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AP Interview: Chile president to ask for CIA files

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By MICHAEL WARREN
The Associated Press
Tuesday, March 22, 2011; 6:01 PM

SANTIAGO, Chile -- Chilean President Sebastian Pinera said Tuesday that he'll accept President Barack Obama's invitation to formally request classified U.S. intelligence documents that may identify Chilean agents responsible for more than 1,200 human rights violations during the Pinochet dictatorship.

Pinera made this pledge - his most specific yet on Chile's unresolved human rights cases - during an interview with The Associated Press in which he described Obama's visit as a validation of his country's regional leadership and rejected complaints that it was short on concrete results.

Chile and the U.S. signed eight accords ahead of Obama's brief visit, which Pinera said shows the countries are working together as equals, a reflection of how far the region has come since President John F. Kennedy announced the Alliance for Progress aid program for Latin America in 1961.

Such handouts are not only impossible now given the U.S. budget woes, but out of place in today's world, Pinera said.

"The United States used to set the rules of the road and sign the checks. What President Obama proposed to us yesterday was something Chile has been assuming for a long time now - a different relationship, to move from handouts to collaboration, from an unequal vertical relationship to a relationship of equals, horizontal," Pinera said while sitting in the Blue Room of the presidential palace, an elegant chamber just outside his private office.

In his first year since bringing the Chilean right wing back into the palace, Pinera has helped the nation recover from a devastating earthquake, managed a booming economy and led the dramatic rescue of 33 miners trapped deep underground. The president said Obama's visit also shows Chile can now do more beyond its borders, such as encouraging free trade, help for Haiti and new relationships in Latin America.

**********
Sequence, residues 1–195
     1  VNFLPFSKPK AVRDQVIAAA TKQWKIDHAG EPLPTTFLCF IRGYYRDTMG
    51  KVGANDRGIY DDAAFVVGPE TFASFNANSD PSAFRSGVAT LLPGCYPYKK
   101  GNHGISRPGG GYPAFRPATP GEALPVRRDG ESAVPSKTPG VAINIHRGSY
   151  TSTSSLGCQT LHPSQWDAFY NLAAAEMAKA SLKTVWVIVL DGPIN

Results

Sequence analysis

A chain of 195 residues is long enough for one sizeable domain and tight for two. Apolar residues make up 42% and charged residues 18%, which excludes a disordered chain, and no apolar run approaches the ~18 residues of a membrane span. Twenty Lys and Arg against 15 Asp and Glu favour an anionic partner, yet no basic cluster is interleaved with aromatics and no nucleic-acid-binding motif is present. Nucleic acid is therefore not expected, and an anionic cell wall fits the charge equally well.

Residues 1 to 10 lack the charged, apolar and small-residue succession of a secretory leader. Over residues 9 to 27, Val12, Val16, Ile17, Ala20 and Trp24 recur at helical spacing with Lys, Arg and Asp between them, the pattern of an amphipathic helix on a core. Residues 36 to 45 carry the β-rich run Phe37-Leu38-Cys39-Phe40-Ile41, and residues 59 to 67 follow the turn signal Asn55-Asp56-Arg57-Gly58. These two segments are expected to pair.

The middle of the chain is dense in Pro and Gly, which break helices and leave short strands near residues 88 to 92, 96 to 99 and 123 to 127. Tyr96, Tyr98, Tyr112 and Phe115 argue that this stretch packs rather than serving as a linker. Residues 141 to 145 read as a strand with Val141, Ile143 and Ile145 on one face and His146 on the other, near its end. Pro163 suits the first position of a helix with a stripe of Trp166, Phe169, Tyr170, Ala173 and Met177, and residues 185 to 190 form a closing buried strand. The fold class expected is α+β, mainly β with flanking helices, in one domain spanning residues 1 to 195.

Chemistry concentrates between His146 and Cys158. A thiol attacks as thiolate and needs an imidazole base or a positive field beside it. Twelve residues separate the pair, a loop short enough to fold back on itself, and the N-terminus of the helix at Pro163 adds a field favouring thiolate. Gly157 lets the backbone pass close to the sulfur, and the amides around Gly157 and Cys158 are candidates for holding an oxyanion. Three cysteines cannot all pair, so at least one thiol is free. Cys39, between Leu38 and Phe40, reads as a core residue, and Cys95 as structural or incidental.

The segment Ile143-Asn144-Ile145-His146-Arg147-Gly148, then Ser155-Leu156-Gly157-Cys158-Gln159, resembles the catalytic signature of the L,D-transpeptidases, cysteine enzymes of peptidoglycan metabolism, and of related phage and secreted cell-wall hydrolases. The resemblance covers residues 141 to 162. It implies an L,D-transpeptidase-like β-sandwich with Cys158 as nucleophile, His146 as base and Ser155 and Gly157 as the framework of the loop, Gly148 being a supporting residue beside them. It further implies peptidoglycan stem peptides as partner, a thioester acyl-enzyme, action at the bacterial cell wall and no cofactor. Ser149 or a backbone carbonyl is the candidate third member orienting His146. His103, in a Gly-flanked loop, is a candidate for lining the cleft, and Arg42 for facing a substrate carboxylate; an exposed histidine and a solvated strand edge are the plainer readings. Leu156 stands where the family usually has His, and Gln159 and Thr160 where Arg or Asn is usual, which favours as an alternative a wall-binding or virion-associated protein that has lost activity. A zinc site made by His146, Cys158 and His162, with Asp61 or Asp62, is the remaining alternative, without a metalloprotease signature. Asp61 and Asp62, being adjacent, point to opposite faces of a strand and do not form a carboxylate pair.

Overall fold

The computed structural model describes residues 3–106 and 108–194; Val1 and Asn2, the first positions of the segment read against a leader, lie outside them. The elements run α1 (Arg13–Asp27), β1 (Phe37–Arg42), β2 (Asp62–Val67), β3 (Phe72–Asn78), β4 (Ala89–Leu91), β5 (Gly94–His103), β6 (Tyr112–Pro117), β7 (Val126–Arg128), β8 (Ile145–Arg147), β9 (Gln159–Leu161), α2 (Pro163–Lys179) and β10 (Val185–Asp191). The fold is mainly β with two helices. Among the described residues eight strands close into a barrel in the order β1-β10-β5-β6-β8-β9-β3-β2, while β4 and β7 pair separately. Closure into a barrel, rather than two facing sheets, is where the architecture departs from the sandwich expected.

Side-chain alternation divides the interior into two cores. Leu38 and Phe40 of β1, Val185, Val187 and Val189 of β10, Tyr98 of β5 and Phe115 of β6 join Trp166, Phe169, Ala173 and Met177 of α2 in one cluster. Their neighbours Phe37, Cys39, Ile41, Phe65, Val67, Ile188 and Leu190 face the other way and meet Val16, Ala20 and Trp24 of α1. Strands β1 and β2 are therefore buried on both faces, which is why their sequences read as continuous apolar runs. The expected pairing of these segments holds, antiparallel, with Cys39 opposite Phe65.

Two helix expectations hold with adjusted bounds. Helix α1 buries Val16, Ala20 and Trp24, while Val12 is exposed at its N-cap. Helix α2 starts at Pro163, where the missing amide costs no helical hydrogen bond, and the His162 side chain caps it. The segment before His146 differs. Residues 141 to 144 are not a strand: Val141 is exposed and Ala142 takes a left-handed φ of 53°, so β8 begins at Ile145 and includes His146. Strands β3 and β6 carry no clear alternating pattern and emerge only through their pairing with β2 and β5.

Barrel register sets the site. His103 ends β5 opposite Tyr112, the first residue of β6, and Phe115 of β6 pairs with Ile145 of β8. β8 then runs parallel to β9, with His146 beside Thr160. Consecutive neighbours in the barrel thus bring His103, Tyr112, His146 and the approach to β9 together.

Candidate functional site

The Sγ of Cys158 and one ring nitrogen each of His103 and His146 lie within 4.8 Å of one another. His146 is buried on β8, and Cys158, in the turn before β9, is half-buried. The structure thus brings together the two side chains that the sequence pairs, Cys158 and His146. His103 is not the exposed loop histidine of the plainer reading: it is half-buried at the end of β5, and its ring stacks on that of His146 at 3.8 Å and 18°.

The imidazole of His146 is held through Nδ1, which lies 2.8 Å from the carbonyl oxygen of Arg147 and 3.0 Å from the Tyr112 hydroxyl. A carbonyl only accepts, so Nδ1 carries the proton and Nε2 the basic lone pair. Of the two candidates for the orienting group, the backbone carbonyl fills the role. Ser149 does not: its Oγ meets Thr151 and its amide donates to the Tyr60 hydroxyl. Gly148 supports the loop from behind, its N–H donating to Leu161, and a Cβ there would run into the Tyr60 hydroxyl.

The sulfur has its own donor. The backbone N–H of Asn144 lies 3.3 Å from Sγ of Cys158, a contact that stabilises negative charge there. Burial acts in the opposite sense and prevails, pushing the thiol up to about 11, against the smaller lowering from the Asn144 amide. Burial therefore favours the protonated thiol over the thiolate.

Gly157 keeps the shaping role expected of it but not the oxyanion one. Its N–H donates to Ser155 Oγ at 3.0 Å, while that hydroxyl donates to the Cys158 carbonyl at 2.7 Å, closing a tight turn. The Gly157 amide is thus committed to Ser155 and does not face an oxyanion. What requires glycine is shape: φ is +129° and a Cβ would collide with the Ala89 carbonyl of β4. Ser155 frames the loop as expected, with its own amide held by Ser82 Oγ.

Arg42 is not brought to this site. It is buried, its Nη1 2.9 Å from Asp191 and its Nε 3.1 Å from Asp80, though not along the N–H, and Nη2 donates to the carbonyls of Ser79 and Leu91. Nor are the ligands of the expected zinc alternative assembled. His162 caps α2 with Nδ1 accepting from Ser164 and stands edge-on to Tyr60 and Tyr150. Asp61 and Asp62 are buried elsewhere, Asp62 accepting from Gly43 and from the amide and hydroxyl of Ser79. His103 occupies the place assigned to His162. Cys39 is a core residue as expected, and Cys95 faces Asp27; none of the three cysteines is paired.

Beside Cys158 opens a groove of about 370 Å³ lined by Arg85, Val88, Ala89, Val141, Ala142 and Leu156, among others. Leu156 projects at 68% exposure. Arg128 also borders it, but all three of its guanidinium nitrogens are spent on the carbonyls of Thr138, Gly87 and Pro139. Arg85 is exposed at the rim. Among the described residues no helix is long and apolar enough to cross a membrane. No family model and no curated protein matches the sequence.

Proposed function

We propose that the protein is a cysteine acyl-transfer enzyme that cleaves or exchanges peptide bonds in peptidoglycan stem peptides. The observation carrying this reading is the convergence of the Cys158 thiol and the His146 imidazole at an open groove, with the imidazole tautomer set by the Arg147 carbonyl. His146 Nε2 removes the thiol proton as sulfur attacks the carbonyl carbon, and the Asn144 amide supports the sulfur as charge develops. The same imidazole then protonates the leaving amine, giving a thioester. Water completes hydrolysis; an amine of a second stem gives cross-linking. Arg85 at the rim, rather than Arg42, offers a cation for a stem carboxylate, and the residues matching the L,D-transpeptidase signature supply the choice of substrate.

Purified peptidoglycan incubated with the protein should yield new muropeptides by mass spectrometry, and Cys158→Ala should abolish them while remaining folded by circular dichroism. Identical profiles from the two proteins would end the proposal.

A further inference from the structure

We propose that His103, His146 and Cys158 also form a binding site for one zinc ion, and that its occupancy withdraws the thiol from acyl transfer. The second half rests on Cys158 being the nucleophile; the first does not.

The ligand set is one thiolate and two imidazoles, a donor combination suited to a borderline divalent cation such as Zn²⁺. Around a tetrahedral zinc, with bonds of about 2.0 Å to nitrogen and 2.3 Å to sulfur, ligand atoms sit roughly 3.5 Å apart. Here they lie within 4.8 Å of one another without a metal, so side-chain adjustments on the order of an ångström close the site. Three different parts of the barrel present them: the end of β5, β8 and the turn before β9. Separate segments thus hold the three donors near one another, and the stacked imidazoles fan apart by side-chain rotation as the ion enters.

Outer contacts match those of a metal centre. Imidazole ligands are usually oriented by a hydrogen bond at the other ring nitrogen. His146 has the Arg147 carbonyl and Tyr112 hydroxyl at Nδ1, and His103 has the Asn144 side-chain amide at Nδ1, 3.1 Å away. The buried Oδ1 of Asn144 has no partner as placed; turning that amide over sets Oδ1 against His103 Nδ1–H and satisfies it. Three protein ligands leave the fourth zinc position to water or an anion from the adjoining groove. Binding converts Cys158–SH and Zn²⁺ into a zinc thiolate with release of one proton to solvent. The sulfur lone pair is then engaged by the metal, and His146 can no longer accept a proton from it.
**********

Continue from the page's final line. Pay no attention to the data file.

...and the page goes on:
"It's not a coincidence" that Obama chose to visit Brazil and Chile during his first trip to South America, Pinera said. "It's a recognition of what the Chileans have achieved" with openness, democracy and strong institutions - a theme Obama touched on repeatedly during his address to the region.

Asked if he is ready to personally assume a regional leadership role now that Brazil's charismatic Luiz Inacio Lula da Silva is out of office and Argentine power broker Nestor Kirchner has died, Pinera insisted that modern leaders work in teams.

"I'm absolutely ready to collaborate with my presidential colleagues in Latin America," he said, reflecting the business sense that helped him become a billionaire by introducing credit cards to Chile and building the region's biggest airline. Leaders need to lead, but also delegate, he said.

Chile's center-left opposition, political analysts and leftist leaders including Venezuela's Hugo Chavez said Obama's visit was short on results.

But Pinera rejected that criticism as based on a false and tired premise: that the United States should bring millions in handouts to lesser nations.

"The language of the 21st century isn't the language of the welfare states, but of collaboration among equals," he said. "Together we'll decide what to do to benefit both our countries."


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